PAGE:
While the swearing in of Burma's new government is welcome news, the U.S. must keep the pressure up to protect minorities there who remain under siege.
The State Department’s minimization of the plight of the Rohingya is sending dangerous, mixed messages to Burma and its neighbors.
Declaring these attacks for what they are – genocide – is an important step. The truth matters. But what happens next is more important.
The violence today in Syria, Sudan, South Sudan, Burma and other places are clear reminders of the consequences of failed prevention. We can do better.
If stopping genocide matters to the US and the UN Security Council, they must act when countries like Egypt engage with leaders accused of genocide.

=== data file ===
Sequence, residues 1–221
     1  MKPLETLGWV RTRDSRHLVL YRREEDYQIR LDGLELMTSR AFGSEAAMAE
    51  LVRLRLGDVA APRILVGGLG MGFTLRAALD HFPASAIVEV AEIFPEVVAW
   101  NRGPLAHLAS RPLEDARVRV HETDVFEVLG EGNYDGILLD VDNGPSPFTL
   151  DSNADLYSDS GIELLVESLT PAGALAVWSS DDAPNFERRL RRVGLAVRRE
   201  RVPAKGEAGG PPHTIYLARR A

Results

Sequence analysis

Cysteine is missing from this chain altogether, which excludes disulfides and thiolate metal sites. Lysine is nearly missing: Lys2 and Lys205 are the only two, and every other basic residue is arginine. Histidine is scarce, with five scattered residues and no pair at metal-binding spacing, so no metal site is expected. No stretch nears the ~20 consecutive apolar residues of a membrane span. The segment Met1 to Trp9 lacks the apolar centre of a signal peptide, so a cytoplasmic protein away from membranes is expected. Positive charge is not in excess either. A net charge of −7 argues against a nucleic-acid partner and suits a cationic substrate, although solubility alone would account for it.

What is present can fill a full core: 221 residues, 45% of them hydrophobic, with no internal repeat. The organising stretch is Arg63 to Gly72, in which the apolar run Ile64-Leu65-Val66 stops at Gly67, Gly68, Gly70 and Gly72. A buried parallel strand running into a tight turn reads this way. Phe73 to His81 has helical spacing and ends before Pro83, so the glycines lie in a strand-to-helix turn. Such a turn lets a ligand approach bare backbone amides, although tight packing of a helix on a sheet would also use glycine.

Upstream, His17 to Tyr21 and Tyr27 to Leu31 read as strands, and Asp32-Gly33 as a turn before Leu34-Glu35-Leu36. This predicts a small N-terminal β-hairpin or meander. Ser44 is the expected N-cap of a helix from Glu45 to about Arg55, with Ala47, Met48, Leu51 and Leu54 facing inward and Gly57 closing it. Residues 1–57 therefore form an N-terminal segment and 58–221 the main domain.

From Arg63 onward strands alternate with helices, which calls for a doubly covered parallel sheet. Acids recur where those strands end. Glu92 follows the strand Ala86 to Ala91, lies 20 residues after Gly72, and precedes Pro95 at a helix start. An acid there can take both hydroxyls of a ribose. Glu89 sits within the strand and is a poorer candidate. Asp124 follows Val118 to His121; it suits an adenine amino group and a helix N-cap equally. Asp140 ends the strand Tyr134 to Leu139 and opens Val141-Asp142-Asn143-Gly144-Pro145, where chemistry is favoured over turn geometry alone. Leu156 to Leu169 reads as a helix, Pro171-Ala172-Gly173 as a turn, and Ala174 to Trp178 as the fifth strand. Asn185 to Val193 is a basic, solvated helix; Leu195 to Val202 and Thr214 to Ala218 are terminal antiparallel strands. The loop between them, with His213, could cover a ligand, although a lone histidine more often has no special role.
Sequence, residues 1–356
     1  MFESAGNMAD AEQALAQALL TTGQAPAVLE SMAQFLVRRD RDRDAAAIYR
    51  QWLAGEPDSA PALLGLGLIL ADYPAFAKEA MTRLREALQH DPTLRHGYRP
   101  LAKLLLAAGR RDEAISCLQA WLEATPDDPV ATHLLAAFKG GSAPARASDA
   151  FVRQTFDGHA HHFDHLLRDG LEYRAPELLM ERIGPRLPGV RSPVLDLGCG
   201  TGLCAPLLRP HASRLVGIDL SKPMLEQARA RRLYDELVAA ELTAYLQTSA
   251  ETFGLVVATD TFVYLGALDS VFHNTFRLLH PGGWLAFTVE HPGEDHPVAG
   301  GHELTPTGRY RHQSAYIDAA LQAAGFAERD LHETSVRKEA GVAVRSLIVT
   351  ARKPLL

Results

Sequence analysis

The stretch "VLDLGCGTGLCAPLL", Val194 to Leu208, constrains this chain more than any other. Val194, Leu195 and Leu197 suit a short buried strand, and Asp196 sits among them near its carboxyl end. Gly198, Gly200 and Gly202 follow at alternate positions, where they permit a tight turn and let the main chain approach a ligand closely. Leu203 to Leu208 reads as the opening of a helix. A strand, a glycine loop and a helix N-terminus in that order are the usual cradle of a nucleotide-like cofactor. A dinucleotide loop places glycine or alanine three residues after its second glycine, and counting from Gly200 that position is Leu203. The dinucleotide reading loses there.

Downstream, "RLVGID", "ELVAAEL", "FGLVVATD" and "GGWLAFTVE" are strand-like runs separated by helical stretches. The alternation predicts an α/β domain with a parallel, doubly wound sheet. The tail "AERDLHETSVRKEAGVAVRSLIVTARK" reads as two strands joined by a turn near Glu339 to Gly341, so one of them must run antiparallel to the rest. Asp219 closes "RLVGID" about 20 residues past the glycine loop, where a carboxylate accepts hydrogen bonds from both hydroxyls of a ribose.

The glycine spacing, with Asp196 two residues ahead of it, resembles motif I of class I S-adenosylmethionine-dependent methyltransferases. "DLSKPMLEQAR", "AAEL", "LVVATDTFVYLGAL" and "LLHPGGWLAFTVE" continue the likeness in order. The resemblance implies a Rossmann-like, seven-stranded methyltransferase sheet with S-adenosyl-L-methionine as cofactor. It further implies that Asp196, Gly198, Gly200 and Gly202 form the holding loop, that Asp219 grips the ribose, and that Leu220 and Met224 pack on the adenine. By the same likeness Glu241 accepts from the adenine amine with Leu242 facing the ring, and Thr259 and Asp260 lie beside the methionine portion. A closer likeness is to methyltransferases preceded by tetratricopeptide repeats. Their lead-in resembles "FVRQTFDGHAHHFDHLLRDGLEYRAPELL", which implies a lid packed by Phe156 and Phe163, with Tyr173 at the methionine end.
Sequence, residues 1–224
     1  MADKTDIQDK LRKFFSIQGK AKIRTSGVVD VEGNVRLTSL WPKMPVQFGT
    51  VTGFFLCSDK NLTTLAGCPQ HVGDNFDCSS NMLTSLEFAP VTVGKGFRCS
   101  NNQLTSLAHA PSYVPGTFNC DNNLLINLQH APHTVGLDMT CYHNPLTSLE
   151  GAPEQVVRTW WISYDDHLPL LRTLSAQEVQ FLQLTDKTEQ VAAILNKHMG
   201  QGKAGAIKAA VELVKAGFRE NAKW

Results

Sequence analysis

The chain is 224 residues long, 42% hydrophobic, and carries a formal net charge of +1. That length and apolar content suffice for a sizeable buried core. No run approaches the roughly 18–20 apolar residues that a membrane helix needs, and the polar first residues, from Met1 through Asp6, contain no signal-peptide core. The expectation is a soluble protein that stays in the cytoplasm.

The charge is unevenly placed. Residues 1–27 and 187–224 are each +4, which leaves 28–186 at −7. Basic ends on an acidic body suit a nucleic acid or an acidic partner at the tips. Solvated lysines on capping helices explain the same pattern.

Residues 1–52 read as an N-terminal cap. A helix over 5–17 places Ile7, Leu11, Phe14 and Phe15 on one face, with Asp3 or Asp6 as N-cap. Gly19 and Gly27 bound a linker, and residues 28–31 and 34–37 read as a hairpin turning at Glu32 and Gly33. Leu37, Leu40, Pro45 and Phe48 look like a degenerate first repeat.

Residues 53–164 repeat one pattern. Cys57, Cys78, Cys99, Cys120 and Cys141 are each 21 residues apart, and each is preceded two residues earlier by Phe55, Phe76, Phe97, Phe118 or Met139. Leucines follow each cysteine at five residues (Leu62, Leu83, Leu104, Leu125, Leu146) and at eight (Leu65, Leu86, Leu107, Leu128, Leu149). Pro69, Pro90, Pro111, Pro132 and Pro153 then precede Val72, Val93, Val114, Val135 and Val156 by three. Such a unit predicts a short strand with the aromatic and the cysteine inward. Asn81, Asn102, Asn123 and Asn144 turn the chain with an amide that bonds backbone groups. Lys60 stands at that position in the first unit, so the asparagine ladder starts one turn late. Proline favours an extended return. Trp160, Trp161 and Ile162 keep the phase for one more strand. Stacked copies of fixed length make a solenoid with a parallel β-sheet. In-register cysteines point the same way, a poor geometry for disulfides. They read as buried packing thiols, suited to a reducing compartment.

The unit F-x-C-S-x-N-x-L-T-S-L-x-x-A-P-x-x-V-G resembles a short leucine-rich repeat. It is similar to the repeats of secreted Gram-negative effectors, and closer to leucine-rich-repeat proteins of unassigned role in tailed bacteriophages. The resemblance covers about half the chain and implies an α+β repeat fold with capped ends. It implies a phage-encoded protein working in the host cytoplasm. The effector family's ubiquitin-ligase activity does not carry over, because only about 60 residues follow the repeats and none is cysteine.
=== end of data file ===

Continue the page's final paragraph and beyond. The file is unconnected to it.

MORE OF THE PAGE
The Genocide and Atrocities Prevention Act of 2016 is a bold bipartisan effort to enhance the ability of the U.S. to prevent genocide and mass atrocities.
We told President Obama, ASEAN leaders and the government of Burma that we are not going to back down for the Rohingya with this full page ad.
Removing the weapons fueling the war in South Sudan is long overdue and, unfortunately, needed more than ever.
ICC Chief Prosecutor Bensouda expressed deep frustrations but also gave a refreshing reminder that the pursuit of justice in Darfur continues.
As we mark the beginning of the third year of conflict in South Sudan, the risk of famine and further atrocities remains grave. But not all news is bad.